4 Feb 2017

Movie Review: Raees: Lost in Hero Worship & Mass Appeal


Once upon a time in dry Gujarat of the 1980's and 90's, Raees (Shah Rukh Khan, good act) builds an empire out of selling alcohol illegally. Shrewdly safeguarding his throne on political connections, Raees bypasses murderous competitors and a stubborn police officer Jaideep Majmudar (Nawazuddin Siddiqui, show stealer). He is finally done in by his lofty ambitions, things fall apart and death looms.

Raees begins breezily enough, overplays that one-line, life defining mother-said-it moment, "No trade is small, and there is no religion bigger than trade." From then on, everything gets larger-than-life and repetitive in tone. From flashy dialogues, tea glasses as a face off metaphor, and the hero-defining,"Don't call me battery!" (Or I will bash you up! Because I am the hero!) moment.  

Safe, Mitigated Treatment
Raees undoubtedly has damn good bio-epic potential in its story, but it remains consigned to paper. Loosely based on the life of notorious Gujarat bootlegger Abdul Latif, Raees goes for Hindi film chutzpah, rather than grittiness. 

Pity, for there are so many quality moments of genuine flair here. Be it Jaideep's Micheal Jackson imitation (potentially rocking set piece), Raees' filmy wooing of Aasiya (Mahira Khan, sketchy role), Raees-Jaideep and politician exchanges, best friend chemistry (Mohammed Zeeshan Ayyub, zesty reprisal of a familiar role) fight scenes...every scene dangles midway between straight storytelling and a brash 'make bad look epic and morally right' appeal.

Nawazuddin Siddiqui Rocks!  
Finally, the acting ropes us in, salvaging the film's loose ends. Shah Rukh Khan sails through with experience, owns a few scenes. That dreary look before shooting down his mentor, breaking down before his wife and the final dialogues. But the film is at its (stunted) zenith in Nawazuddin Siddiqui's no-nonsense police portrayal. In all his sections, you see how good Raees could have been.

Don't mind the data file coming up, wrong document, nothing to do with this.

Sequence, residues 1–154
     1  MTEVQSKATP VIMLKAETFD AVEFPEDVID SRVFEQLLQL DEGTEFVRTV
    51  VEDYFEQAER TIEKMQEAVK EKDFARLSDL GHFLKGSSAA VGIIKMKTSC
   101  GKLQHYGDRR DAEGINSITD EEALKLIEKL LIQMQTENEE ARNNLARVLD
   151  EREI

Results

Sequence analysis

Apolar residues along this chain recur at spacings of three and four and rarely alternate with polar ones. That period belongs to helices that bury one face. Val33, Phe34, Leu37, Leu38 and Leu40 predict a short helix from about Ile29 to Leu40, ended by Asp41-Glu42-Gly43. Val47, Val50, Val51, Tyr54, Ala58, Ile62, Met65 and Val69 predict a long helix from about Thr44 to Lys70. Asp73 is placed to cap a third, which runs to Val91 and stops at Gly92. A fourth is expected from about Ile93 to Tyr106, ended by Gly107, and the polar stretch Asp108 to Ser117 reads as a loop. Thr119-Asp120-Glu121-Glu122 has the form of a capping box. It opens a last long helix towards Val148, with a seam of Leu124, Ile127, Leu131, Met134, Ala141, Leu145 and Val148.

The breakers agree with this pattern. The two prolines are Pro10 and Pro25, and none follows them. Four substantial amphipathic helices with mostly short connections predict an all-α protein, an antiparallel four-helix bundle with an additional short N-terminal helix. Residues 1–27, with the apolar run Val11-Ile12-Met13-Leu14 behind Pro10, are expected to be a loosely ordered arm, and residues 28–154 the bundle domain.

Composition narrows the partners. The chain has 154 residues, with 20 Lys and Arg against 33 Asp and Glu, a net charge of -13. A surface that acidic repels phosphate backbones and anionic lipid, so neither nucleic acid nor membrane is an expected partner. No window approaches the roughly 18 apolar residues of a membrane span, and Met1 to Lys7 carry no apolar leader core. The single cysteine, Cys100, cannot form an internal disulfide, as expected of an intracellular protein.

Hero Worship vs Logic 
Hindi film dialogue-baazi rules over content. Also, this is a Shah Rukh Khan package, rather than a character driven protagonist.No surprises then, when:  
  1. Raees thwarts a sniper shooter with impossible aim and range. 
  2. Chases the same shooter across roofs, kicking, flying, ends up largely unhurt. 
  3. Walks through tear gassed streets unblinkingly, stylishly.
  4. Lip syncs through songs, dances (the classic masala film template).  
  5. Shoots down a gang of henchmen without a sweat through a Sunny Leone item song. 
  6. Raees is always neatly-dressed, through it all. 
We expected a lot more apt starkness and realism from director Rahul Dholakia. Especially from the man who made Parzania (2007). Another surrender to our intolerable times?

Finally
A bearable one-time watch for the story, performances, flashes of quality cinema. Due to legal tangles, the filmmakers had to declare it fiction, a knowing audience will catch the real-life threads. Just a little, teeny-weeny lump in the throat by the end credits. Rest, as they say of Hindi cinema, we sell dreams, seldom tell stories.  

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